Buyers Denied Loan, But Still Lose Deposit – A Reprint

The following is a reprint of James Haroutunian’s column that appeared in the Lowell Sun on February 11, 2012

A fellow real-estate lawyer who write the massrealestateblog.com brings attention to a recent appeals-court case that cost a couple their $31,000 deposit.  This case highlights the importance of proper contingency language in purchase-and-sale contracts.

These unfortunate buyers started off like everyone else.  Armed with a pre-approval letter, the buyers’ P&S contract contained a standard mortgage contingency.  It offered a refund of the deposit if the buyers were unable to get a mortgage loan.  A deadline was set and the buyers worked diligently with their lender to get a loan commitment.

These buyers were unique because they did not intend to sell their current home – essentially buying a second home.  When the lender analyzed the buyers debt-to-income ratios, it was determined they could not afford to carry both mortgage payments.

As a result, the lender required the buyers to “list their home for sale.”  When the buyers refused, the lender denied the loan.  Timely notice of the denial was provided, but the sellers refused to release the deposit.  The court determined the buyer’s refusal to list their current home for sale was unreasonable, and in violation of the “prevailing terms and conditions” portion of the mortgage-contingency clause.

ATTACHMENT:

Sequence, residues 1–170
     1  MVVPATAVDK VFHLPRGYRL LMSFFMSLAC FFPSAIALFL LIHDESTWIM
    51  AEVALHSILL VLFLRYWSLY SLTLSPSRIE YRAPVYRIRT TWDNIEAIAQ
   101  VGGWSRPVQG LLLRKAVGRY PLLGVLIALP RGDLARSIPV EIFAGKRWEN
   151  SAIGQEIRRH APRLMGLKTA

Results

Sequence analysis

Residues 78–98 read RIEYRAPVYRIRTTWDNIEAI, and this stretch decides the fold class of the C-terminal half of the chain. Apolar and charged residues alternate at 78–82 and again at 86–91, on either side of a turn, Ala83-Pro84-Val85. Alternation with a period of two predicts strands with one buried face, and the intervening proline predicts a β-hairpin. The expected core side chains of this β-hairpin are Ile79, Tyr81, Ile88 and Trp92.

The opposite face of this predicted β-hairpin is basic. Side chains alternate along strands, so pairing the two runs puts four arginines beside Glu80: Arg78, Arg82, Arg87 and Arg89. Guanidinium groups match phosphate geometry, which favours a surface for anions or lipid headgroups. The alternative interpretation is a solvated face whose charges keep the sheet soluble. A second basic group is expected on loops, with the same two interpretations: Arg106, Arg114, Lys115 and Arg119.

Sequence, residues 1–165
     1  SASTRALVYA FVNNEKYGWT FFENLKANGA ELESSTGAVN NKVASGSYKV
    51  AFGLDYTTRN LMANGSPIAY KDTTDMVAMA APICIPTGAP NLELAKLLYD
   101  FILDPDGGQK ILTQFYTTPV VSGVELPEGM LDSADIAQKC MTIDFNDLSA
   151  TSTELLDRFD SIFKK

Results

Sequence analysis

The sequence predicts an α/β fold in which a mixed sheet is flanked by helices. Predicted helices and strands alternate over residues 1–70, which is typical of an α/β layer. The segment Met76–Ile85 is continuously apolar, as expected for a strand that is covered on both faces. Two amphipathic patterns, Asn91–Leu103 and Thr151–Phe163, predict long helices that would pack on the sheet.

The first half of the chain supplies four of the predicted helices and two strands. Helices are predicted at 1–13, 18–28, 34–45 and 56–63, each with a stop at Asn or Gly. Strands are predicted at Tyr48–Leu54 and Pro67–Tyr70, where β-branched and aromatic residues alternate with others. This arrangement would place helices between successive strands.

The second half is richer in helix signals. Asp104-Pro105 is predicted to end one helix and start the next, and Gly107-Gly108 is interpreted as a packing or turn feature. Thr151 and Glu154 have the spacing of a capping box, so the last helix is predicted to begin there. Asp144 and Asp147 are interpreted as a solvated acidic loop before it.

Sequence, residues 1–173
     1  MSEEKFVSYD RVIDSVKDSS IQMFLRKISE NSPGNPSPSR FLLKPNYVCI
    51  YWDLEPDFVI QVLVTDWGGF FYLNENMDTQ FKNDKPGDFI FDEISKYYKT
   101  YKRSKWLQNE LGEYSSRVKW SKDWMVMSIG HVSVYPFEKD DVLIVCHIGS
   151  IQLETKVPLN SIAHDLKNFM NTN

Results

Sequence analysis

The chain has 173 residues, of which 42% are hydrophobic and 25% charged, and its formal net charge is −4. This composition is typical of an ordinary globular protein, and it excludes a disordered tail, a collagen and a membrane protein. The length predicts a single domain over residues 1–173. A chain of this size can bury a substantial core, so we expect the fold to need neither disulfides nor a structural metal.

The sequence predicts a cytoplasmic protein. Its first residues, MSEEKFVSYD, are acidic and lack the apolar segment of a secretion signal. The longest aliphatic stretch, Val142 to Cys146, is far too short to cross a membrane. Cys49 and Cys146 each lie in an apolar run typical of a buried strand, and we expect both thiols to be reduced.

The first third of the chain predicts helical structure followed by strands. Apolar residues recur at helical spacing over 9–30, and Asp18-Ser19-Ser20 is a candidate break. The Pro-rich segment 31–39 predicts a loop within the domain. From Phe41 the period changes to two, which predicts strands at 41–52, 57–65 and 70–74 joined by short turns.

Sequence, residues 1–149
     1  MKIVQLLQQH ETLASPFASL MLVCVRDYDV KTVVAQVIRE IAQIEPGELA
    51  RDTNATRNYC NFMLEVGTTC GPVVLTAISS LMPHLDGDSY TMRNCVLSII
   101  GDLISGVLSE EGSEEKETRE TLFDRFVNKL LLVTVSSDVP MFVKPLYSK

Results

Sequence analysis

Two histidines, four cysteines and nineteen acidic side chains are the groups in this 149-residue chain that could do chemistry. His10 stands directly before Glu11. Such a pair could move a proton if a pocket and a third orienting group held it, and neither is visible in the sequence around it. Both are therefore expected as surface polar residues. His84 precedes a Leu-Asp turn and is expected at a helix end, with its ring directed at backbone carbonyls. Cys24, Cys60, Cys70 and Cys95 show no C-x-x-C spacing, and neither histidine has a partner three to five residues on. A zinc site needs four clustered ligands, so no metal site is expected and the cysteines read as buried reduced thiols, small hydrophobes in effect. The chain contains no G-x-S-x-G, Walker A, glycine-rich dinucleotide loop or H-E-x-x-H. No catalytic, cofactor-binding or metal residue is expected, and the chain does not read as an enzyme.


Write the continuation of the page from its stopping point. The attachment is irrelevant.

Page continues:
Here the court found the lender’s condition reasonable, and the buyers’ refusal to list their home for sale unreasonable.  Thus the buyers LOST their $31,000 deposit.

Sadly, if the issue were addressed upfront, simple language could have been added.  Stating that financing would not be conditional on the buyers’ listing or selling their current home may have lowered the “prevailing conditions” standard enough to save the buyers’ deposit

Attorney James Haroutunian practices real-estate law, estate planning and probate at 630 Boston Road, Billerica.  He invites questions at james@hlawoffice.com or by phone at 978-671-0711.  His blog is found at http://www.hlawoffice.com

 

One response to this post.

  1. Its like you read my thoughts! You seem to grasp a lot about this, such as you wrote the e book in it or something. I think that you just can do with a few p.c. to force the message house a little bit, however other than that, that is excellent blog. A great read. I’ll certainly be back.

    Reply

Leave a Reply

Please log in using one of these methods to post your comment:

WordPress.com Logo

You are commenting using your WordPress.com account. Log Out / Change )

Twitter picture

You are commenting using your Twitter account. Log Out / Change )

Facebook photo

You are commenting using your Facebook account. Log Out / Change )

Google+ photo

You are commenting using your Google+ account. Log Out / Change )

Connecting to %s

%d bloggers like this: